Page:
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Zenor was employed by the Nevada Department of Transportation (NDOT) when he injured his wrist on the job. Eleven months later, Zenor underwent an examination and received an evaluation by his treating physician, Dr. Huene, who determined Zenor was not yet capable of performing his pre-injury job duties. Two months later, Dr. Huene again examined Zenor and determined he could fully use his wrist with a brace as needed. Less than one month later, Dr. Huene released Zenor "without limitations." Zenor delivered the full release to NDOT that same day. NDOT nonetheless commenced proceedings and separated him from employment for medical reasons. An administrative hearing officer reversed. The district court affirmed. Zenor sought attorney fees under NRS 18.010(2)(b) on the ground that NDOT unreasonably brought its petition to harass him. The court held that NRS 233B.130 prohibited attorney fees in a judicial action of a final agency decision. The Nevada Supreme Court affirmed. NRS 233B.130(6), which states that the provisions of NRS Chapter 233B provide the exclusive means of judicial action in a petition for judicial review, prohibits an award of attorney fees under NRS 18.010(2)(b) in petitions for judicial review. View "Zenor v. State of Nevada Department of Transportation" on Justia Law

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Felton, then employed by Hewlett-Packard, sustained a minor injury to his knee while volunteering on a Douglas County search and rescue team. Felton sought insurance benefits from Douglas County and its workers' compensation insurance carrier. The third-party claims adjustor, ASC, notified Felton that it had calculated his average monthly wage (AMW) for the purpose of determining the amount of benefits based upon the statutorily deemed wage of a search and rescue volunteer as set forth in NRS 616A.157, which is $2,000 per month. ASC awarded Felton a one-percent permanent partial disability (PPD) or whole person impairment (WPI). A hearing officer affirmed the award. Felton appealed only the determination that his AMW should be set at the statutorily deemed wage of a search and rescue volunteer. The appeals officer affirmed, holding that Felton was not entitled to an AMW that aggregated his statutorily deemed wage and his earned wage from his private employment. The Nevada Supreme Court reversed. The plain language of the statutes and regulations requires the aggregation of concurrently earned wages. View "Felton v. Douglas County" on Justia Law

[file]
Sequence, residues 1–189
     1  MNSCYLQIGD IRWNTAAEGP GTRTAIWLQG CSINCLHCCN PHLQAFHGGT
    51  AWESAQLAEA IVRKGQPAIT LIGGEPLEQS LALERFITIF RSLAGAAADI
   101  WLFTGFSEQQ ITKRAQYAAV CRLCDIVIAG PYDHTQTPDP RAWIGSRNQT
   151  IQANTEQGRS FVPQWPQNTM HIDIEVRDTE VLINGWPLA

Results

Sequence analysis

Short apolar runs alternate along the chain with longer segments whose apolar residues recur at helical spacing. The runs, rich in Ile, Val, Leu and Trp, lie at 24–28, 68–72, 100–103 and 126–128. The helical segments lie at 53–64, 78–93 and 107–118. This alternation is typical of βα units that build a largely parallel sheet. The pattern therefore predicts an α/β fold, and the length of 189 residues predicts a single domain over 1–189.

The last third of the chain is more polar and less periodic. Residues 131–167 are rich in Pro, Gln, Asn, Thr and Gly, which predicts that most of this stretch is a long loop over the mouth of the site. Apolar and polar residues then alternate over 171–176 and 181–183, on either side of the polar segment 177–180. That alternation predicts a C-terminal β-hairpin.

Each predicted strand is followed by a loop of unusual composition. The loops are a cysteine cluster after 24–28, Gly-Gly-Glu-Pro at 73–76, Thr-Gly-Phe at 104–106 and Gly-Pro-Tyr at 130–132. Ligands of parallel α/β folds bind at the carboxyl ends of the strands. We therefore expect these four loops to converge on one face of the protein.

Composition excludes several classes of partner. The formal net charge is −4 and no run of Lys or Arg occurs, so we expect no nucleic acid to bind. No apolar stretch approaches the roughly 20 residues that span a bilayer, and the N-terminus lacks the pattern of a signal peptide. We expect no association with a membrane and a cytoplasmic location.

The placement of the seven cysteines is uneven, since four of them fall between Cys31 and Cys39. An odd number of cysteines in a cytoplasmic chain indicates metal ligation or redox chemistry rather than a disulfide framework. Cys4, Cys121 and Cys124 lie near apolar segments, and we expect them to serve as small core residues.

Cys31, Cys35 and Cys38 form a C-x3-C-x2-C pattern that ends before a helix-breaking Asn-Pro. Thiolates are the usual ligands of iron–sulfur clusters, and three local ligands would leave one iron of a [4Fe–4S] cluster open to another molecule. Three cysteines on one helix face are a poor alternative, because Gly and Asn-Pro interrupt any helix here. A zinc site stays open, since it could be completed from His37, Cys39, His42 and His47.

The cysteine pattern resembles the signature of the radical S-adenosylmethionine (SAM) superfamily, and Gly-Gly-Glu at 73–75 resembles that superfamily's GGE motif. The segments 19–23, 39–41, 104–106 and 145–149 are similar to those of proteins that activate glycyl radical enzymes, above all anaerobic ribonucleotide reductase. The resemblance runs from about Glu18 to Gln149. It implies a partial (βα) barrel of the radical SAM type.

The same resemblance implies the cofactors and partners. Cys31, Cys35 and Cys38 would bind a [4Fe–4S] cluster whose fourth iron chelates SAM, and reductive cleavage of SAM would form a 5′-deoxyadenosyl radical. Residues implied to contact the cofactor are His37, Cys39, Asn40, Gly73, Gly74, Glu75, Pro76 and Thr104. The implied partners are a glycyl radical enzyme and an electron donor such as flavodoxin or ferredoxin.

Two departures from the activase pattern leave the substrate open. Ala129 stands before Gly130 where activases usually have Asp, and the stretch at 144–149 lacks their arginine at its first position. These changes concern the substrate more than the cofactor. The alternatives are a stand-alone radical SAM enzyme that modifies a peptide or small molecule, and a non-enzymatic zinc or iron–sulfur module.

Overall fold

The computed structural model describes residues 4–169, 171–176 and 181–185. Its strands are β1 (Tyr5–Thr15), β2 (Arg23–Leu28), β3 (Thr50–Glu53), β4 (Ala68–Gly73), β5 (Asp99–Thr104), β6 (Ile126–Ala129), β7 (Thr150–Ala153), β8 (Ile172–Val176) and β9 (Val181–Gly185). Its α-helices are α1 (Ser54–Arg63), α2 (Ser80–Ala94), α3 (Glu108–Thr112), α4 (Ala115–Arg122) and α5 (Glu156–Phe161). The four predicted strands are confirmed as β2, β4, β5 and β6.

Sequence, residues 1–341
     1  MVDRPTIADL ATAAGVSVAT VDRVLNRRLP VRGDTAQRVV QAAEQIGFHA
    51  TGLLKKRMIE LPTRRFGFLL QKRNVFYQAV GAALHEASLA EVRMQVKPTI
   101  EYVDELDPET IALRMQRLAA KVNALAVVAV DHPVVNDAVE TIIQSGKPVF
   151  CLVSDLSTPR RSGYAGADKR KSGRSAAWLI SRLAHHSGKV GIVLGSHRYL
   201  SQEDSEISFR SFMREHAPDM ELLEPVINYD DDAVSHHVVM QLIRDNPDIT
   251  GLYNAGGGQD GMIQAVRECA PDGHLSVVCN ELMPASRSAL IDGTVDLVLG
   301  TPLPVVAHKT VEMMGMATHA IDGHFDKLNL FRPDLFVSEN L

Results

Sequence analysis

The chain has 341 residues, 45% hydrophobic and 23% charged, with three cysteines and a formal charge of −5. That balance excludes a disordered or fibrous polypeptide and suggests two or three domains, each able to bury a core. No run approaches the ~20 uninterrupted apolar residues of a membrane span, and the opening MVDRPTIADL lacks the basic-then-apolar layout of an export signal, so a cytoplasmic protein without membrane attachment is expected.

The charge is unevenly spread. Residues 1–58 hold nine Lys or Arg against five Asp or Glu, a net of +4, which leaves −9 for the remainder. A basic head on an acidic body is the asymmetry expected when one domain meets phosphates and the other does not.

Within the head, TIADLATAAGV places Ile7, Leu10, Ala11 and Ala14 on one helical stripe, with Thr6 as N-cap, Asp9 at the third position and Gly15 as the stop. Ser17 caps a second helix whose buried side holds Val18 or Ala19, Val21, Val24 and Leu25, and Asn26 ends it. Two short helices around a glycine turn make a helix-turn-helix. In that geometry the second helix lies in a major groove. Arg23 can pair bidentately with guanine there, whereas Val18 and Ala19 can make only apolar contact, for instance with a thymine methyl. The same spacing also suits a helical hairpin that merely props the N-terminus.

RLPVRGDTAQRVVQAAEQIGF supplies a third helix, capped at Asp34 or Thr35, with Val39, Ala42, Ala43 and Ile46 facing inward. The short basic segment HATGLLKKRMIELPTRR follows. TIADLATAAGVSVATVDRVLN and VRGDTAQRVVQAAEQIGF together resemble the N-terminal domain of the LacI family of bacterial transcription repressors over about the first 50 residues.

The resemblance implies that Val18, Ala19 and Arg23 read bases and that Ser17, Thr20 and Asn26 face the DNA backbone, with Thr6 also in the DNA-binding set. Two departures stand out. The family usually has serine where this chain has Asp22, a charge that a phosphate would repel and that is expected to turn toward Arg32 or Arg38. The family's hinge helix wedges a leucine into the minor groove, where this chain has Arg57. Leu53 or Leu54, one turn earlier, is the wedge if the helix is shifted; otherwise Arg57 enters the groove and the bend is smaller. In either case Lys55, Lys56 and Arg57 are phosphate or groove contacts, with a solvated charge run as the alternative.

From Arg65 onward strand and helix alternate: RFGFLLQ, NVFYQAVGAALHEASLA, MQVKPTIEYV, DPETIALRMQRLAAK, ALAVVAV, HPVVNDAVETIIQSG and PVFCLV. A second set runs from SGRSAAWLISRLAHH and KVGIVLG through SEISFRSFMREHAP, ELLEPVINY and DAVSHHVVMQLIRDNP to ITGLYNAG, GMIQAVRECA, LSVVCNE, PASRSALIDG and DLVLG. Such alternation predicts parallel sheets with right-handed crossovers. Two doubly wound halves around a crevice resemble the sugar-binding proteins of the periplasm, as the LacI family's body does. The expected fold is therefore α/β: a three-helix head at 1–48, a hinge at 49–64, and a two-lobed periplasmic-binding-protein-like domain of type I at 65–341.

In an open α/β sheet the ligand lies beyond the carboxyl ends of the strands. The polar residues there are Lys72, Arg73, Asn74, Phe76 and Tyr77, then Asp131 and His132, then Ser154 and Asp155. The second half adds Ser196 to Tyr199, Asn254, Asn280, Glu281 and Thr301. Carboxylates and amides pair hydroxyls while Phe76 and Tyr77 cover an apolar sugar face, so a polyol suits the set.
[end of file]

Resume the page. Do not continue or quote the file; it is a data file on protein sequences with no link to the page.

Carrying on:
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At issue was whether untimely service of a petition for judicial review on the Attorney General mandates dismissal of the petition. The Supreme Court held (1) while service of a petition for judicial review on the Attorney General under Nev. Rev. Stat. 233B.130(2)(c)(1) is mandatory and jurisdictional and must be effected within the statutorily prescribed forty-five-day period, that time period can be extended when good cause is shown under section 233B.130(5); (2) the district court may exercise its authority to extend the forty-five-day period either before or after the service period has run; and (3) because the district court in this case did not determine whether good cause to extend the time to serve the Attorney General existed before declining to consider Appellant’s motion to extend the time for service, this matter must be remanded for such a determination. View "Heat & Frost Insulators and Allied Workers Local 16 v. Labor Commissioner" on Justia Law